When reciting poetry, we do so from memory. We recite poems over a series of days and, just like with singing, children learn the poems by themselves and love to recite them. Children also absorb phonetic skills from any onset rhyme. Popular nursery rhymes support children’s process of learning to read!

Objects in the Environment

This activity is actually a series of games that follow a “listen and do” type format. After gathering a group of children, we explain something to do and when a child hears their name, they get to do that action. We start with simple, one-step commands: Touch a shelf. Stand by a window. Walk around a table. We then progress both in complexity in terms of the types and categories objects as well as by offering double commands: Find a friend and shake hands. Choose a book and place it on a table. Play a bell and hum a tune. While quite fun, these games also have the added bonus of helping children develop their auditory memory.

Classified Pictures

For this work, we have collections of pictures representing categories of objects (types of transportation, furnishings, appliances, playground equipment, etc.). We also have cards with illustrations of geographical, geometrical, biological, and scientific terms (parts of a flower, land and water forms, polygons, etc.). When doing this activity with a child, we first name the classification (“These are all fruits.”) to help establish mental order. Then we play a little game to teach the vocabulary for the items pictured on the cards.

The Sound Game

The sound game helps children become aware of the phonemes in our language. We collect ten known objects on a tray and play an I Spy type game that isolates the beginning sounds of the objects. Later we learn ending sounds, and eventually the sounds in the middle of the words. The purpose of this game is to help children become aware of the sounds that make up words.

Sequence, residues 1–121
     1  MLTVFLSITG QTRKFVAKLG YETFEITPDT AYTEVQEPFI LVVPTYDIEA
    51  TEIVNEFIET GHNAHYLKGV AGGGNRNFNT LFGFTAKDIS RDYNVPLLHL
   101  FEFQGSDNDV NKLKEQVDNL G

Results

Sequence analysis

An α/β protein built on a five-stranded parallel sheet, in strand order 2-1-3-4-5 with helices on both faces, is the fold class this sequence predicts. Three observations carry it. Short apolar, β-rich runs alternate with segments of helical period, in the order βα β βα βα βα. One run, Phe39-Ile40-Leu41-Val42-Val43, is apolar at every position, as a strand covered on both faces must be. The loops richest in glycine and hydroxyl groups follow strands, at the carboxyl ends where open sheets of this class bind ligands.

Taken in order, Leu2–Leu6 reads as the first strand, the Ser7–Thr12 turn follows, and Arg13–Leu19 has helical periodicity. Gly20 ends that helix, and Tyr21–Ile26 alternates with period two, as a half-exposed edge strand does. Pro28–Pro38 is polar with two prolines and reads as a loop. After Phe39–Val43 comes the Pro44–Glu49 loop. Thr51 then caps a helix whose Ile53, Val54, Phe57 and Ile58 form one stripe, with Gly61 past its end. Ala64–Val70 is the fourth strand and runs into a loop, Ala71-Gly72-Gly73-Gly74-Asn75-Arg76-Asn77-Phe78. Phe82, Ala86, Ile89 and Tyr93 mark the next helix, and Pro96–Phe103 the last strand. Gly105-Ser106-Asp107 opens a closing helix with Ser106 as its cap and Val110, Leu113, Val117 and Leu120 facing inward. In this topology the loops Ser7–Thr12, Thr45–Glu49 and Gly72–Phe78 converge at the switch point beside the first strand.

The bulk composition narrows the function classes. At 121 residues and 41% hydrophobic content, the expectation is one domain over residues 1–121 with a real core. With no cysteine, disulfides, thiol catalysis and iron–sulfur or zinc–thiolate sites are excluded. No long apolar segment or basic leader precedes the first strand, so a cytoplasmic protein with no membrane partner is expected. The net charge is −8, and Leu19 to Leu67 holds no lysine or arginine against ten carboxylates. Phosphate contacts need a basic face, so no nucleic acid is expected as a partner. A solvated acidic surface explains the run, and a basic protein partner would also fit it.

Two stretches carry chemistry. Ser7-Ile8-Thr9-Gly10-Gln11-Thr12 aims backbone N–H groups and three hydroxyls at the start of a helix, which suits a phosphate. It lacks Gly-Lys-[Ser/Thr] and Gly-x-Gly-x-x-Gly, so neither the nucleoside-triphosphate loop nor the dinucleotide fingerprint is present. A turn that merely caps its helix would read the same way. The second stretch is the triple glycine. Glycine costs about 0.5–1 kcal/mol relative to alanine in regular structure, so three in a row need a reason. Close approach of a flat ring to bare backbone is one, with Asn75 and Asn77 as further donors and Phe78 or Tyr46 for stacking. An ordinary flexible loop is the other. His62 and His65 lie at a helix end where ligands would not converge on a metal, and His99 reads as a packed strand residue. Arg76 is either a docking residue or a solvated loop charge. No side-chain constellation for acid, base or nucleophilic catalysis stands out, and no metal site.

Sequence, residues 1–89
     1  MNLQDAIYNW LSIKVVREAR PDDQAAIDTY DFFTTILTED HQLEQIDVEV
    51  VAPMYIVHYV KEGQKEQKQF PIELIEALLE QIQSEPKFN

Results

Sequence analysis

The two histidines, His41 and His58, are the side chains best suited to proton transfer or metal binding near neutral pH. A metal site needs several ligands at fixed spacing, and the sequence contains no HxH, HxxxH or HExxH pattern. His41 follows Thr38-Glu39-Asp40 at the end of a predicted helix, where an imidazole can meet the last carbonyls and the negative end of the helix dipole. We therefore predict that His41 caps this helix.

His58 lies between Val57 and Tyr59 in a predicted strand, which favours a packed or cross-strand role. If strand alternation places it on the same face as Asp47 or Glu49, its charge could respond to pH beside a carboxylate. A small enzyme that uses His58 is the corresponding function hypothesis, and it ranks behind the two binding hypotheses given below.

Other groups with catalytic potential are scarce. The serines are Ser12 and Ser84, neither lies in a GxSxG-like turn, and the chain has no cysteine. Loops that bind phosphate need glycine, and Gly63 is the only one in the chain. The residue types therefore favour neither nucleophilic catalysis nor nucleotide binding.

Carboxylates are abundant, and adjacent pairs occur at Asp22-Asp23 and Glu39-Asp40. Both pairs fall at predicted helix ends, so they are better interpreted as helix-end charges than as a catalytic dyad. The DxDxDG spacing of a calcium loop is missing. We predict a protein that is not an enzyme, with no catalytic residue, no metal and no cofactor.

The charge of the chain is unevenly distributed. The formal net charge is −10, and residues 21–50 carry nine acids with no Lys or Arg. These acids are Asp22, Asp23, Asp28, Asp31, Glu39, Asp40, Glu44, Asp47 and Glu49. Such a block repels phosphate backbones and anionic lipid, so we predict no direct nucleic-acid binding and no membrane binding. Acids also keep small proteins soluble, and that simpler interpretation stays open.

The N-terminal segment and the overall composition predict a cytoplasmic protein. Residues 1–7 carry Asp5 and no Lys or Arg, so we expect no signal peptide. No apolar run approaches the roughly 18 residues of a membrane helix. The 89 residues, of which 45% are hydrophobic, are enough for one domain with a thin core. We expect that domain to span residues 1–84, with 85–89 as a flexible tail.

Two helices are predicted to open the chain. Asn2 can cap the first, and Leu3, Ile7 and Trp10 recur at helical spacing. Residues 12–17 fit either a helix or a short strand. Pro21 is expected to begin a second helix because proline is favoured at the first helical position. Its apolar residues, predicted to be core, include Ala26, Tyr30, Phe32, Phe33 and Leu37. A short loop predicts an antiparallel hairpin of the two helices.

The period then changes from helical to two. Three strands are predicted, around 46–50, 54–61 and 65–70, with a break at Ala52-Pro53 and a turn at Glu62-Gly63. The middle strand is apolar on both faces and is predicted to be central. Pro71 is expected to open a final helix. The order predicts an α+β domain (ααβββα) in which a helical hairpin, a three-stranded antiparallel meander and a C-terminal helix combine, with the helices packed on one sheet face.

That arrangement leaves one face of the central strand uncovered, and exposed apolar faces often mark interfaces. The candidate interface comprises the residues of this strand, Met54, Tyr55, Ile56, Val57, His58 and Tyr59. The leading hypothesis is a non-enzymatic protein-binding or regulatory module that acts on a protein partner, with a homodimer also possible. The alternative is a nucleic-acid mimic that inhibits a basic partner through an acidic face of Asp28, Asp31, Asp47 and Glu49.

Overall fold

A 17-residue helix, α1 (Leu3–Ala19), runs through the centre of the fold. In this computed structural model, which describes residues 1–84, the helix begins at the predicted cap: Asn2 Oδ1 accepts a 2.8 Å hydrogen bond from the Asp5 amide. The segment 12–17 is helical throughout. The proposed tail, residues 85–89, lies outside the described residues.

Spoken language activities are the foundation for children’s receptive and expressive vocabularies.

In addition to enhancing their vocabulary and providing an overarching structure for future work in writing and reading, engaging children in language games also helps increase their listening and comprehension skills.

Above all, we take the time to listen to children’s own spontaneous efforts to express themselves, so that they gain confidence in speaking and feel that their thoughts have meaning.


(and yes, these are images of books, spaces and literacy activities at Forestville Montessori School!)

Learn more from other articles in our blog or come see (and hear!) all this spoken language work on a school visit or tour. Learn more or book a school tour today.

Denice Scala

Author Denice Scala

B.A, M.Ed, Dip ED, Dip RSA, Cert. Neuroscience. Principal, Forestville Montessori School. Denice Scala is an executive leader with extensive experience in key strategic roles requiring business transformation and innovation. As a passionate advocate for the power of education to enrich lives, Denice moved from classroom teaching to leadership positions in 1992 and since then has held international in roles in Scotland and Australia as Principal, Head of Junior School, and Head of Learning Support. She has an impressive working knowledge of early learning, primary, middle, and secondary schooling including gifted education and special needs. Her Masters in Gifted Education led her to work extensively to find ways to cater for gifted students. This led to providing professional development opportunities for educators to assist in their understanding of the characteristics of gifted children and the complexities of growing up gifted. Denice’s unparalleled grasp of current educational realities is equally matched by her big picture thinking combined with practical solutions to navigate change. Denice’s passion for Montessori education led her to undertake the AMI Introduction to Adolescents Course, to audit the AMI 6-12 Diploma, and to also currently undertake the AMI School Administration Certificate Course.